Banga’s nomination has Empire written all over it

3 March by Iolanda Fresnillo , Jean Saldanha

Eurodad’s questions ex-MasterCard chief Ajay Banga’s nomination by the USA as their candidate for president of the World Bank Group. It is crucial that the next World Bank leader breaks with the past and has a vision for the future, but a Banga presidency will bring only more of the same.

The speed with which the US nominated Wall Street veteran Ajay Banga as their candidate for the World Bank World Bank
The World Bank was founded as part of the new international monetary system set up at Bretton Woods in 1944. Its capital is provided by member states’ contributions and loans on the international money markets. It financed public and private projects in Third World and East European countries.

It consists of several closely associated institutions, among which :

1. The International Bank for Reconstruction and Development (IBRD, 189 members in 2017), which provides loans in productive sectors such as farming or energy ;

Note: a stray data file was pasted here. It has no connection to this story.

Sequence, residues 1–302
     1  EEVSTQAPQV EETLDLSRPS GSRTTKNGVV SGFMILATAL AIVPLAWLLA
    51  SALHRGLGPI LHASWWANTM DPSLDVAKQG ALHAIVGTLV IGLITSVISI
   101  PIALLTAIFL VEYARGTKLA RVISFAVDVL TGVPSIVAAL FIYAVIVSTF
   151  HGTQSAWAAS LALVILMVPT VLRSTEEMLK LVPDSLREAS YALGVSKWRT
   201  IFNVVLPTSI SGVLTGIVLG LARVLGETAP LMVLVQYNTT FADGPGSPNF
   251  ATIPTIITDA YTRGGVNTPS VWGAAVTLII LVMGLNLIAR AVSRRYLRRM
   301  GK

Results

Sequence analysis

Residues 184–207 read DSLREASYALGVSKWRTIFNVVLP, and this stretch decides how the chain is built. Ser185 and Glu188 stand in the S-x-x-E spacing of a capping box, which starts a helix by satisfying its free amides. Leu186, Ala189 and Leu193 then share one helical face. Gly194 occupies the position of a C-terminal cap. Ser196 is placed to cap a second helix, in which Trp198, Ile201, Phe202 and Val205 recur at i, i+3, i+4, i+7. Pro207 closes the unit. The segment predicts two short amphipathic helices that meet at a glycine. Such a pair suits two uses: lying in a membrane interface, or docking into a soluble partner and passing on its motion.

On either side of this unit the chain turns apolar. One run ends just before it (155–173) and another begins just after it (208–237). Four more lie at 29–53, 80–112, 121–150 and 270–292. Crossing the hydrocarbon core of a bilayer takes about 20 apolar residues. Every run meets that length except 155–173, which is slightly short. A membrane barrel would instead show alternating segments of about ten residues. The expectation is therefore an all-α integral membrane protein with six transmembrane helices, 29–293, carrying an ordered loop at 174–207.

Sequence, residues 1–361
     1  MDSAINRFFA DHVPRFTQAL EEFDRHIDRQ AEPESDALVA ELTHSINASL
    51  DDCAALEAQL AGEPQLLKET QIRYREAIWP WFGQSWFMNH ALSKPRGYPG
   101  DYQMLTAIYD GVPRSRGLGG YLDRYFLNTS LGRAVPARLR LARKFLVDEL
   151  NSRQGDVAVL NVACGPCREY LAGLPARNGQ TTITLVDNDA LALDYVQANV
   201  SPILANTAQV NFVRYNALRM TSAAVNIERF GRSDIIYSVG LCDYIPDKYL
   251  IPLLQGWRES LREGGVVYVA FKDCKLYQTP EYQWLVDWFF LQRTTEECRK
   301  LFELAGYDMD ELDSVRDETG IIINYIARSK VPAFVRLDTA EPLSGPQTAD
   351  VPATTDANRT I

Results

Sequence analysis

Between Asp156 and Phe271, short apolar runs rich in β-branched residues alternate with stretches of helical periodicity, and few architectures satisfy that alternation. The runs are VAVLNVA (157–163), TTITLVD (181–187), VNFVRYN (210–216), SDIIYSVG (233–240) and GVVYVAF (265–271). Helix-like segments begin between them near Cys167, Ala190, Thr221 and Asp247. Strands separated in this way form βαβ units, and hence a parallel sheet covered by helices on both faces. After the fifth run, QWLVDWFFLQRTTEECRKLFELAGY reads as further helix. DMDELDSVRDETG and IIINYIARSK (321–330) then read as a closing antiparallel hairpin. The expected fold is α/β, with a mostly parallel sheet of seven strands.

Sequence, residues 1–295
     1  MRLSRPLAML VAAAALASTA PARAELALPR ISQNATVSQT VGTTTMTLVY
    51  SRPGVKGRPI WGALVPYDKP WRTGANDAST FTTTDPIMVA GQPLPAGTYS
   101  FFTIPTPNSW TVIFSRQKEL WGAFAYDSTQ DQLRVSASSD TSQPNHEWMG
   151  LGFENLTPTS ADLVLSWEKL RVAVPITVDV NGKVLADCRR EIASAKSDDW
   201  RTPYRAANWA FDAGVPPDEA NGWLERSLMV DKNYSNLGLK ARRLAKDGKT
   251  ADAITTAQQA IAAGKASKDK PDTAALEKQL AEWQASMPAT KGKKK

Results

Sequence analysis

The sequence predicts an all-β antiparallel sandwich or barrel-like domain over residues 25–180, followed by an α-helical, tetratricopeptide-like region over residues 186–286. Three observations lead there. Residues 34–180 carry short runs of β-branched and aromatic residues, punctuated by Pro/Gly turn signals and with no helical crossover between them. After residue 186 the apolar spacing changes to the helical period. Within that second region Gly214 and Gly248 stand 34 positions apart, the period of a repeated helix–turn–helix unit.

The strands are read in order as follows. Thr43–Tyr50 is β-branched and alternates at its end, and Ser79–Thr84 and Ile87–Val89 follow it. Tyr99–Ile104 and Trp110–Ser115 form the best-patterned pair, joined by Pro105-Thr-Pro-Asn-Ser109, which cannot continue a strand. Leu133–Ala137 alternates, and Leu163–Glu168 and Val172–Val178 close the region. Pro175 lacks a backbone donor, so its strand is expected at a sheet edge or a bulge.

2. The International Development Association (IDA, 159 members in 1997), which provides less advanced countries with long-term loans (35-40 years) at very low interest (1%) ;

3. The International Finance Corporation (IFC), which provides both loan and equity finance for business ventures in developing countries.

As Third World Debt gets worse, the World Bank (along with the IMF) tends to adopt a macro-economic perspective. For instance, it enforces adjustment policies that are intended to balance heavily indebted countries’ payments. The World Bank advises those countries that have to undergo the IMF’s therapy on such matters as how to reduce budget deficits, round up savings, enduce foreign investors to settle within their borders, or free prices and exchange rates.

Group’s (WBG) President came as a surprise to many in civil society. Malpass’ resignation, announced just a week before, was a new opportunity to rethink the role of the institution to address the multiple challenges that countries in the global south are facing. Instead, hope turned to incredulity and anger - as the US government announced that the vice-chair of a US private equity Equity The capital put into an enterprise by the shareholders. Not to be confused with ’hard capital’ or ’unsecured debt’. group, and former chief executive of MasterCard, was their choice to lead an international institution with a mandate to promote sustainable development and eradicate poverty.